But the amount of your dog diet depends on his size, age, build, metabolism, and activity level. The quality of dog food you buy also makes a difference — the better the dog food, the further it will go toward nourishing your dog and the less of it you’ll need to shake into your dog’s bowl.

Hounds like to eat. And some dogs are prone to getting overweight, so watch your dog’s calorie consumption and weight level. Treats can be an important aid in training, but giving too many can cause obesity. 

Clean, fresh water should be available at all times.

Learn about which human foods are safe for dogs, and which are not. Check with your vet if you have any concerns about your dog’s weight or diet. 

The Black and Tan Coonhound is typically a sturdy breed with few health problems. Some common health conditions include hip dysplasia, ear infections, blood clotting disorders, working injuries, hypothyroidism, thyroid issues, minor eye concerns and bloat.

Not all Black and Tan Coonhounds will get any or all of these diseases, but it’s important to be aware of them if you’re considering this breed.

The dog’s ears should be checked regularly for signs of infection, and the teeth should be brushed often, using a toothpaste designed for dogs.

There are several health tests considerations specific to the breed, such as hip evaluation, cardiac exam, and ophthalmologist evaluation. 

Responsible breeders test all breeding stock for conditions that can affect the breed. Regular visits to the vet for checkups and parasite control help to ensure the dog a long, healthy life.

Total Annual Cost: $3239

Cost is estimated for the first year and may vary depending on many factors, such as dog food, health care, leash, collar, licensing, possible fencing, crates, training and obedience classes, dog-walking, grooming, treats, toys, flea, tick, and heart-worm meds, microchips, etc.

Black and Tan Coonhounds are intelligent, affectionate, and devoted and also have an independent streak. They can be trained, but it’s best to expect compliance rather than blind obedience.

Black and Tans want to be with their families, and a dog left alone in a yard for long periods, bored and ignored, is likely to complain—loudly. 

Black and Tan Coonhounds are smart but can be easily distracted. You may get frustrated at its ability to focus on a scent, so work with the dog rather than against its natural tendencies.

Like any kind of larger dog, start training and socialization early. Once they learn to do something, they’ll be inclined to do it that way for the rest of their lives, so it’s important to train the behavior correctly the first time.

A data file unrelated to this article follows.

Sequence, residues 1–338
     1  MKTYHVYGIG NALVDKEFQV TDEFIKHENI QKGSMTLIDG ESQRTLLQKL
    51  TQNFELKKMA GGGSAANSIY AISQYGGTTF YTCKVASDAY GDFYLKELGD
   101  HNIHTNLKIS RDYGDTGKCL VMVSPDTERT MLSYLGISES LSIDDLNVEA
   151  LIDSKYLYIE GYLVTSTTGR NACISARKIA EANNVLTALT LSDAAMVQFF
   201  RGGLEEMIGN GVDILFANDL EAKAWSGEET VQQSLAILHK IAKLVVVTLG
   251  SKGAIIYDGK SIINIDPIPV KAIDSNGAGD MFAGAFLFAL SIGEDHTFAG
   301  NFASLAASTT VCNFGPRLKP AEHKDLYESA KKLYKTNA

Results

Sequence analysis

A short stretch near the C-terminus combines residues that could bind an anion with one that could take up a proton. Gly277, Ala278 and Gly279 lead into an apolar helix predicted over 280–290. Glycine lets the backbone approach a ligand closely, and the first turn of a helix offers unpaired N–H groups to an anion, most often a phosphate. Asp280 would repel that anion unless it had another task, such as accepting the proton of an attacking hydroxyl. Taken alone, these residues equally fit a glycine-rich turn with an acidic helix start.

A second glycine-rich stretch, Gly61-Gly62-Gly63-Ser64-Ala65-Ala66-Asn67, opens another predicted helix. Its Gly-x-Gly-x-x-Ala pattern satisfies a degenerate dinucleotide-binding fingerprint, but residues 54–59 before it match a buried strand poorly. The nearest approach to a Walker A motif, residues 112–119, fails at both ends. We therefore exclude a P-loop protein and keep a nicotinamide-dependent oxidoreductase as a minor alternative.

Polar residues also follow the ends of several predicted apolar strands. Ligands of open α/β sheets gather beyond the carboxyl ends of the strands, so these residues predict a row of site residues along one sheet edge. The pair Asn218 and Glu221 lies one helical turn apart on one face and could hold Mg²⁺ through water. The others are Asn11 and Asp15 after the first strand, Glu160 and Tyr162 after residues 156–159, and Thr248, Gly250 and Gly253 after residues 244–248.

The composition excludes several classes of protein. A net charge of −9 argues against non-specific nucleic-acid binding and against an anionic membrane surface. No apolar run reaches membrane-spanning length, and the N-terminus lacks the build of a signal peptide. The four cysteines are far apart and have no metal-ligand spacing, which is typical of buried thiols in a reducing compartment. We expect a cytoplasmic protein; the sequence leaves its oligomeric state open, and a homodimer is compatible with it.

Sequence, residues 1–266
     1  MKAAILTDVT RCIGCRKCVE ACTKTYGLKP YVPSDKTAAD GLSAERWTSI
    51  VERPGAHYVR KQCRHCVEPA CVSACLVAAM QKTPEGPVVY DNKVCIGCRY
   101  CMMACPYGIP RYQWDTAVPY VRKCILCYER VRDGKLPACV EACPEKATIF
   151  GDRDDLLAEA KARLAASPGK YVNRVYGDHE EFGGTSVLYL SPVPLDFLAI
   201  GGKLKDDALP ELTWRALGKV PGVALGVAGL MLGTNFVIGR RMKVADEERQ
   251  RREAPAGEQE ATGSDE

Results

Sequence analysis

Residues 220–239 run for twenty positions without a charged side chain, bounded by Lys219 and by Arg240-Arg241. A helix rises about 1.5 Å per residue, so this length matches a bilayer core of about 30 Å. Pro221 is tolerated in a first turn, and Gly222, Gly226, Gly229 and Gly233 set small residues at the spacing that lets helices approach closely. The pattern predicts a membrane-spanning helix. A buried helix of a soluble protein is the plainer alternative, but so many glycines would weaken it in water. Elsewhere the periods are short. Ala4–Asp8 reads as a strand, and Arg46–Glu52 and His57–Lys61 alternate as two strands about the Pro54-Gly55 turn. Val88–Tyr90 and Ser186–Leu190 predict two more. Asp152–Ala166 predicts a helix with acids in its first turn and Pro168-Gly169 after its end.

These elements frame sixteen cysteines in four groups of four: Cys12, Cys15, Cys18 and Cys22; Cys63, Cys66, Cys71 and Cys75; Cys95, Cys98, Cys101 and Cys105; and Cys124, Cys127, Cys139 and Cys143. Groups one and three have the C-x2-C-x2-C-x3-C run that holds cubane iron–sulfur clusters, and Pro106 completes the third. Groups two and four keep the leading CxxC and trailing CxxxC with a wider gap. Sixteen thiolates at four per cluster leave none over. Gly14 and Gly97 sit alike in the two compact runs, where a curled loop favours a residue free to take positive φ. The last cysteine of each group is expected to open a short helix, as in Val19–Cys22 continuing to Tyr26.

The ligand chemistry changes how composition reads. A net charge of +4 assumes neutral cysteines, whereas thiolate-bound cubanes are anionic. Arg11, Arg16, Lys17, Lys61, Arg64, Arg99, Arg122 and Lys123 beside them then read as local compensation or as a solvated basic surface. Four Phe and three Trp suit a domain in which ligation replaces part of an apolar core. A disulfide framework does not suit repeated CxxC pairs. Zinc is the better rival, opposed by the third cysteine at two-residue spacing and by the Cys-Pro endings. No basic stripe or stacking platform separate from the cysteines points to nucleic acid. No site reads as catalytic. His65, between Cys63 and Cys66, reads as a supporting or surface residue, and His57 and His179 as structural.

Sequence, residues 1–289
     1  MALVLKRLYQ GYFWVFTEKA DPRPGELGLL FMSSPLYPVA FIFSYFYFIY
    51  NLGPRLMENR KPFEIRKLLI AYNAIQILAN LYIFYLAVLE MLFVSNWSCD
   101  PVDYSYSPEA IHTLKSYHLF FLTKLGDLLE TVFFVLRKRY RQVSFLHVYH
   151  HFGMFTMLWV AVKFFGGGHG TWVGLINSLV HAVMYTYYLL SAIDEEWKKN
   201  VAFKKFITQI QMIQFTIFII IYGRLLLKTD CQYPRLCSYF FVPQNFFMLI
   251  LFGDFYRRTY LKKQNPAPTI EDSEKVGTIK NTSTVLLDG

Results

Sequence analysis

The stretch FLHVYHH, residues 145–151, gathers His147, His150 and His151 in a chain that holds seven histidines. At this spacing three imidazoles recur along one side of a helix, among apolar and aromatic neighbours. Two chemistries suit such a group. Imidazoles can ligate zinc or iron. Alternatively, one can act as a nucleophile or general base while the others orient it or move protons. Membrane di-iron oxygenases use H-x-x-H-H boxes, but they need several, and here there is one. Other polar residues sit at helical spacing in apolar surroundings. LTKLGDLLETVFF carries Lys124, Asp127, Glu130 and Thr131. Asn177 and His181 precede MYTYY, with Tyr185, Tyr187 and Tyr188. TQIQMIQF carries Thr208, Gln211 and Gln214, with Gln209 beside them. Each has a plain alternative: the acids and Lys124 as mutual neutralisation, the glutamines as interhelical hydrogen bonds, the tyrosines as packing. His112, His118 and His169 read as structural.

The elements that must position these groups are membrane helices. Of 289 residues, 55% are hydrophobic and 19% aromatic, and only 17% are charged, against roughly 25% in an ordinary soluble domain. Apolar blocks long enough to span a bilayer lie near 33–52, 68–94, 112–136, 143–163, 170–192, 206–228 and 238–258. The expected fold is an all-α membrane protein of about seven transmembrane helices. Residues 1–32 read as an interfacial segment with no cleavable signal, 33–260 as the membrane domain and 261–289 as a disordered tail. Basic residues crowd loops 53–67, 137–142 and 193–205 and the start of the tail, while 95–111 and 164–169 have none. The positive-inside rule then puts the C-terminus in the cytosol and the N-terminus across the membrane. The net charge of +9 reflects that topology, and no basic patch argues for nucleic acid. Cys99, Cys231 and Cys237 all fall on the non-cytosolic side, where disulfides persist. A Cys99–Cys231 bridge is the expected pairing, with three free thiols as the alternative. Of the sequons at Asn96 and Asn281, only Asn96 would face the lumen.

If you’re using your Black and Tan Coonhound to hunt, it will require specialized training in scent discrimination. When it comes to obedience training, you’ll need to employ consistent, positive training methods and lots of repetition. Food-motivated Black and Tan Coonhounds will often perform basic obedience requests in exchange for treats.

Bred to work on their own, and don’t necessarily see why they should have to do things your way. On the plus side, they generally housetrain quickly. It is important to crate train your Coonhound puppy. Puppies explore, get into things they shouldn’t, and chew stuff that can harm them. Crate training ensures not only the safety of your puppy but that of your belongings.

They also possess the intelligence and drive to compete in agility and other dog sports. Some Black and Tans have been trained for search and rescue, and they may have the skills and temperament to work as a service animal.


The Black and Tan Coonhound’s bloodlines go back to the Talbot hound of a thousand years ago. He’s a creation of the mountain people of the Ozarks and the Smokies. 

Even though the direct ancestor of the Black and Tan Coonhound is the English foxhound, the Coonhound breed itself is a uniquely American creation, developed in the mountains of the southern United States in the 1700s. 

He was bred to hunt raccoons and possums and proved to be the perfect companion for colonial settlers who created him to be a hunter.

Did you know that the first president of America once, George Washington, was responsible for playing a big role in the development of Black and Tans, making the breed prominent during this term?

Another historical figure who loved Black and Tans was Thomas Jefferson, the third United States president, and like Washington, had his own pack of black and Tan Coonhounds. 

If you remember the movie, The Duke, in 1999, it featured a Black and Tan Coonhound called Hubert, where the dog’s loyal and loving nature was showcased.

The American Kennel Club recognized the breed in 1945. A grand name was given to the first Black and Tan Coonhound registered – Grand Mere Big Rock Molly!

Helpful Information


Breed Club Link: